Though the book’s title is New proofs for the Existence of God, several of the proofs are not entirely new, as there are several lines of arguments which echo Aquinas’ Five Ways, and Chapter Four is dedicated to a Lonergain argument for an unconditional, absolute, simple and unrestricted reality. The newness of the proofs lie not in philosophical methodology, but in the science Spitzer applies to the classic philosophical methods in providing both empirical and metaphysical data that supports the traditional arguments. Spitzer inserts into several of these traditional arguments findings and examples from contemporary physics and demonstrates by appealing to the laws of thermodynamics, the universal constants, the radiation and entropy paradoxes, and the miniscule likelihood of an anthropic universe that God exists.
Divided into three parts and eight chapters, the first part is primarily concerned with the idea of a supernatural design in the universe and the limitations of the physical sciences.
In chapter one, titled “Indications of Creation in Big Bang Cosmology,” Spitzer explains how the Big Bang is believed to have happened, why the universe is not a “bouncing” universe, and the metaphysical implications of a beginning. Briefly stated, a bouncing universe is a universe that expands and once expansion has reached a certain point the universe collapses on itself and starts again; that is, the universe bounces back to its original state and starts the process of expansion anew. In looking at a bouncing universe, Spitzer appeals to the second law of thermodynamics and two paradoxes to help demonstrate why a bouncing universe is not plausible and indeed would not disprove God.
The second law of thermodynamics states that over time the flow of nature is an irreversible process moving in one direction, and gives testimony to the fact that the universe seeks equilibrium. By nature moving in one direction, it becomes impossible for the world to expand, collapse, and bounce. We know the second law of thermodynamics to be true because it is witnessed, though not acknowledge, by people everyday: hot coffee turning to cold coffee, youth growing old, and the pressure from a soda can escaping upon being popped open. In short, when science examines the way the world works, science sees the universe “moving” in one direction but never in reverse. Without the second law of thermodynamics being true, the universe would be able to move forward as well as backwards, which would make for an interesting universe more akin to science fiction than natural science.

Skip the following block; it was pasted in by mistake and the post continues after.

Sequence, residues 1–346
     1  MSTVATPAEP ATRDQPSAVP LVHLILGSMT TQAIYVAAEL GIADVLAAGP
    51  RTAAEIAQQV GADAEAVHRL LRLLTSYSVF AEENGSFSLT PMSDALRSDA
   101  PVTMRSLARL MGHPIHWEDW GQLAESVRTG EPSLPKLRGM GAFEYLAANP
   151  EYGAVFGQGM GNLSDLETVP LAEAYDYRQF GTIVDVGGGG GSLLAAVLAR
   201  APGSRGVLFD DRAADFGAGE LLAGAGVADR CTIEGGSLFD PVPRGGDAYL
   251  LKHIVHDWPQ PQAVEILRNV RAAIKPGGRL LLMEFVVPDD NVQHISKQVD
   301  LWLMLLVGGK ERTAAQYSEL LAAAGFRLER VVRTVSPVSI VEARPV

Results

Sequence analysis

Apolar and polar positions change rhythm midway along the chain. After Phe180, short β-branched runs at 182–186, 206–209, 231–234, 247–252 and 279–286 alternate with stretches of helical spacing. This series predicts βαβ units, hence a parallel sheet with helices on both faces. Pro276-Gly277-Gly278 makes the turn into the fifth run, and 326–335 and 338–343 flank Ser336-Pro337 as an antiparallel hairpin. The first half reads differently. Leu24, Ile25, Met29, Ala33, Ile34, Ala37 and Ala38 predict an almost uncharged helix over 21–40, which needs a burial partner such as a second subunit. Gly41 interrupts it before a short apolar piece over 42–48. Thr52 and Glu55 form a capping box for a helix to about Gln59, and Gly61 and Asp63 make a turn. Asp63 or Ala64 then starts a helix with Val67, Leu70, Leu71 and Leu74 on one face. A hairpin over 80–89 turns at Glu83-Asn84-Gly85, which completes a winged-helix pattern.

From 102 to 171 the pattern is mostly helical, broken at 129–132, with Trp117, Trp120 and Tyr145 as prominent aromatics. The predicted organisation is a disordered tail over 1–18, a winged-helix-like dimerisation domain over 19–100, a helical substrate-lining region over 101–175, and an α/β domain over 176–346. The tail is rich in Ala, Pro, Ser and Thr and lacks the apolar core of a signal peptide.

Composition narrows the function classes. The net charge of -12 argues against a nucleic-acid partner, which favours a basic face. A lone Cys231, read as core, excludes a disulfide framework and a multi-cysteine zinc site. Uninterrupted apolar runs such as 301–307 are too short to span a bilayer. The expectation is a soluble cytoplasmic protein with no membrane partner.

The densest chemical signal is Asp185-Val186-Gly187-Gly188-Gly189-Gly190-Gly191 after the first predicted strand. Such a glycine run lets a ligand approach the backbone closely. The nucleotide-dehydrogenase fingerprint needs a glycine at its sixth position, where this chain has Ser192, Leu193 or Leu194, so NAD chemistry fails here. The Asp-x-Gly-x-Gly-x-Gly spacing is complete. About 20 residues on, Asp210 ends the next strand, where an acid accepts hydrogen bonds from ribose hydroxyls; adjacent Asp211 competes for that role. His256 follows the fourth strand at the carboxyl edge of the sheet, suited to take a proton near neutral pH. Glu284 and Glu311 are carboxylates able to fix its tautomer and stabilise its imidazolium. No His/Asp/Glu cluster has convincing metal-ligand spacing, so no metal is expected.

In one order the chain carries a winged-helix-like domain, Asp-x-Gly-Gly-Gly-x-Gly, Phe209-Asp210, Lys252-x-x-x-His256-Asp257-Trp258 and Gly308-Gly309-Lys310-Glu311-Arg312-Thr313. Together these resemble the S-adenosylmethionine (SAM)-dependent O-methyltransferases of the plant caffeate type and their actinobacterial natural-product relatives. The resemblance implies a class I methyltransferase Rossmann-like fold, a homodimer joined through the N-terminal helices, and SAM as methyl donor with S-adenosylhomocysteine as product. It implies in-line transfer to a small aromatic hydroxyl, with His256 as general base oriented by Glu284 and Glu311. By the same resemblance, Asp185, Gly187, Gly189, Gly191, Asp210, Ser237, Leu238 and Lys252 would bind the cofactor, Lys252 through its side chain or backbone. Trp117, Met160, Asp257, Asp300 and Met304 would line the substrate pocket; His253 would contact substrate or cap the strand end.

Father Spitzer then appeals to the radiation paradox to further demonstrate why the universe is not bouncing. The radiation paradox states that 99% of all light is background radiation and only 1% is from other sources. With each ‘bounce’ all the visible light and background radiation would be folded into the bounce of the next cycle and become the background radiation of the new cycle. Yet, this cannot be the case for two reasons. First it violates the second law of thermodynamics and makes the universe into a perpetual motion machine. Second it cannot be the case as new light sources (stars) are still be formed where as all the visible light is 1% now, that percentage increases with each new light source. Therefore, the universe is not in a state for perpetual bouncing and at some point in time it had a beginning.
The second of the paradoxes Father Spitzer employs is the entropy paradox. Entropy is the measure of disorder in the universe or the lost energy that in unavailable to be converted into mechanical work. With a bouncing universe, one would expect the entropic energy to be exceptionally high. However what is found is that at the moment of the Big Bang the entropy of the universe was “fantastically small” (29). So small in fact that sciences has been puzzled by the fantastically small amount of entropy for years. It is readily observed that the disorder of the universe is only growing in degree and never grows in reverse. Therefore, if the universe had bounced or has been bouncing, the current universe would have originated not from a fantastically small entropy that science has been puzzling over for years but from a large, disorganized, entropic universe.